Corresponding t-tests were conducted to examine the differences between each variable at High and Low levels. Effect sizes were defined as small (0.20–0.49), medium (0.50–0.79), large (0.80–1.19), very large (1.2–1.99), or huge (>2.0) according to Cohen's effect size (Cohen, 1988). Pearson's product rate correlation coefficients were calculated to examine the relationship between each variable and HC-v for High and Low, and HC-High/Low and HC-Low/High. In addition, to examine differences in the strength of the relationship between High and Low HC-v and each variable, tests for differences in the corresponding correlation coefficients were conducted for the correlation coefficients between High and Low HC-v and each variable. The t-test and correlation analysis were performed using SPSS statistics (version 20, IBM, Japan). The differences between the correlation coefficients were analyzed using the R statistical software package (R Foundation for Statistical Computing, Vienna, Austria). Variables were expressed as mean ± standard deviation. The significance level was set at <5%.


Table 1 shows the values of the variables at each hurdle height in the hurdle clearance and differences between the hurdle heights. In all hurdlers, there was deceleration on takeoff in both High and Low. However, on landing, horizontal velocity both decreased (High, n = 9; Low, n = 8) and increased (High, n = 3; Low, n = 4). Table 2 shows the relationship between HC-v and each variable and the difference in correlation coefficients between High and Low. Table 3 shows the relationship between HC-High/Low and HC-Low/High and each variable.


Table 1. Values of the variables during hurdle clearance (HC) at each hurdle height and differences between the two conditions.


Table 2. Relationship between hurdle clearance velocity (HC-v) and each variable in the high and low conditions and differences in correlation coefficients.


Table 3. Relationship of HC-high/low and HC-low/high with each variable.


In this study, we examined the effects of different hurdle heights on the spatiotemporal variables of hurdle clearance, taking into account the limitations of height and interval. Our results indicated that changes in hurdle height led to changes in spatiotemporal variables during hurdle clearance. Notably, differences in hurdle height also altered the spatiotemporal variables that are determinants of HC-v. These findings support our hypothesis and may be useful for coaches who train hurdlers of different heights and those for whom hurdle height varies due to age group or event.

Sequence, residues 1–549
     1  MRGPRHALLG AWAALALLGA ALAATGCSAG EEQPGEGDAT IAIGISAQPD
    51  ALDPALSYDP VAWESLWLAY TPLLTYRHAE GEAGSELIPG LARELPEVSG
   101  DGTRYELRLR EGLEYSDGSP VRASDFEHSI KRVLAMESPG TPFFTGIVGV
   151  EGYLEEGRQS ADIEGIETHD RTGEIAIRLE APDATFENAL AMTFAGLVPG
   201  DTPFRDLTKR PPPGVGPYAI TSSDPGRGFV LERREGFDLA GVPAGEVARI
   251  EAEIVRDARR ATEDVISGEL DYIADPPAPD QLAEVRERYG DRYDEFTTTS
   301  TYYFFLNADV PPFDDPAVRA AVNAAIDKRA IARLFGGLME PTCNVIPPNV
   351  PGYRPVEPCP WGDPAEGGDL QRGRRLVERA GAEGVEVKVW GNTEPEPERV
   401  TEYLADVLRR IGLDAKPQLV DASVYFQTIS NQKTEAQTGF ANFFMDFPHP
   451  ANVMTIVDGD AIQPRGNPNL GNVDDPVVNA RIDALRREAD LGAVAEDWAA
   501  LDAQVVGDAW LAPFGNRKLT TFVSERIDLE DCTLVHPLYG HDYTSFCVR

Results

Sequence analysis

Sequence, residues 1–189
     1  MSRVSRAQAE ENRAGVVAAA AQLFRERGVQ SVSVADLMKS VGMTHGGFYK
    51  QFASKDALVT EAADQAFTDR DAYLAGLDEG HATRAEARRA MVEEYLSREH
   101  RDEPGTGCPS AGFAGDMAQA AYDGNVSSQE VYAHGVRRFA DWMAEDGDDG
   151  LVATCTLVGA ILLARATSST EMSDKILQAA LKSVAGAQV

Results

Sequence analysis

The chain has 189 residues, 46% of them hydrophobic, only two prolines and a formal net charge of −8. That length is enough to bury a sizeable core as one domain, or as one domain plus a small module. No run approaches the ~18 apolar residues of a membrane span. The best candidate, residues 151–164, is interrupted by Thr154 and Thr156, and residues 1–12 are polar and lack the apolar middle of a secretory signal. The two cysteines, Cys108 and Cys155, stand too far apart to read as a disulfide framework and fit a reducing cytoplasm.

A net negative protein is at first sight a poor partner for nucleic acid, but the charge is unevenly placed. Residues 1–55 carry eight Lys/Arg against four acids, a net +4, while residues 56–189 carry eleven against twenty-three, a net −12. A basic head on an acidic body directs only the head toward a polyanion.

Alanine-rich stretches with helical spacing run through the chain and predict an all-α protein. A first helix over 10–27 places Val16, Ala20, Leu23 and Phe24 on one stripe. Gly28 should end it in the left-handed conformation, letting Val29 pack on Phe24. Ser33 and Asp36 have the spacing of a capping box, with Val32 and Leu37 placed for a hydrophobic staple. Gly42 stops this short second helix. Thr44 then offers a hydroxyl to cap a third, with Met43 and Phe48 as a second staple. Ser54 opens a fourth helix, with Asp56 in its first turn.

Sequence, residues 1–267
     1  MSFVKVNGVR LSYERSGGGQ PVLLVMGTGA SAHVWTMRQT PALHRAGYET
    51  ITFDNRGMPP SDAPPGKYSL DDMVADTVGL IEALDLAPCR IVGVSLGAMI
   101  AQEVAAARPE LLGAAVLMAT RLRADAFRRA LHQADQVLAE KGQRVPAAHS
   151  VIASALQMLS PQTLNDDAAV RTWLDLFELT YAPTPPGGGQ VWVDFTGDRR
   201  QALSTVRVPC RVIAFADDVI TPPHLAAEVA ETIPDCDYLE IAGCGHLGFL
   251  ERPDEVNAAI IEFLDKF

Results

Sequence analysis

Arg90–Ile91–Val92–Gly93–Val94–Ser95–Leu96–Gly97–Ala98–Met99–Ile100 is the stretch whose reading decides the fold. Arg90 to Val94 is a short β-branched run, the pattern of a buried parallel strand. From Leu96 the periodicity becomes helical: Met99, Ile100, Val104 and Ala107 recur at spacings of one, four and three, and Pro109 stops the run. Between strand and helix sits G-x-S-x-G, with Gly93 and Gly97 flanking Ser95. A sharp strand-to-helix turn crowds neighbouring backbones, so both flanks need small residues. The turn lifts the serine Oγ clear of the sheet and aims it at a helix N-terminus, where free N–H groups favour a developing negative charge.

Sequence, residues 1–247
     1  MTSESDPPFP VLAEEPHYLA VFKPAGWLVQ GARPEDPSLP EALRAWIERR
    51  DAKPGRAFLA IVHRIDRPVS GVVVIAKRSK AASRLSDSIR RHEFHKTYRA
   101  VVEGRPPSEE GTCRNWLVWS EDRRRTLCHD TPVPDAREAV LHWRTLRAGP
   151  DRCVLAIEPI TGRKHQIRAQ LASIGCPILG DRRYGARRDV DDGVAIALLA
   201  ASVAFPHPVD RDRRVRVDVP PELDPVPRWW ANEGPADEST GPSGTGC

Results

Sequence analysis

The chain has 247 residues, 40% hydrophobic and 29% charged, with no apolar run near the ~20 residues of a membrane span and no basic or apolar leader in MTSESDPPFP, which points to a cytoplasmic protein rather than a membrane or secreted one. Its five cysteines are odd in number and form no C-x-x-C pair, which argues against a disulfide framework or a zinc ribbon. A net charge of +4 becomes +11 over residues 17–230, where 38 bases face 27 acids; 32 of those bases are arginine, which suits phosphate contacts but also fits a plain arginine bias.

Differences in Spatiotemporal Variables in Hurdle Clearance by Different Hurdle Heights

As a result of examining the differences in spatiotemporal variables between High and Low, significant differences were found among the variables, except takeoff distance, touchdown distance on landing, release distance on landing, and D-landing. In particular, the effect sizes for 2nd flight time, flight time, clearance time, release height on takeoff, peak height of the CM, and landing distance were huge. Therefore, in High, which required a higher CM rise, the hurdler completed the takeoff at a higher CM height than in Low (i.e., large takeoff angle) and landed farther from the hurdle because of the higher CM and longer flight time required.

Although there was a difference in the release height on takeoff, there was no significant difference in takeoff distance by hurdle height. Theoretically, it is expected that a low hurdle height will allow for a longer takeoff distance because the hurdle height can be maintained at a higher horizontal velocity. Alternatively, in High, the release height on the takeoff and the top of the CM are both higher; thus the flight time is longer. Therefore, even though the loss of horizontal velocity will be large, the hurdler may still be able to obtain a long takeoff distance at High, as long as the CM vertex does not shift excessively to the back of the hurdle. Thus, some factors may lengthen the takeoff distance for each of the low and high hurdles. As such, factors other than hurdle height (e.g., intervals, sprints, and body size differences between men and women) may have contributed to the discrepancies in the results of previous studies (Salo et al., 1997; González-Frutos et al., 2019; Hanley et al., 2021) that examined differences in takeoff distance between men and women. The lack of a difference in takeoff distance between the High and Low conditions in our study may have been due to the experimental setting, which was not limited by the interval.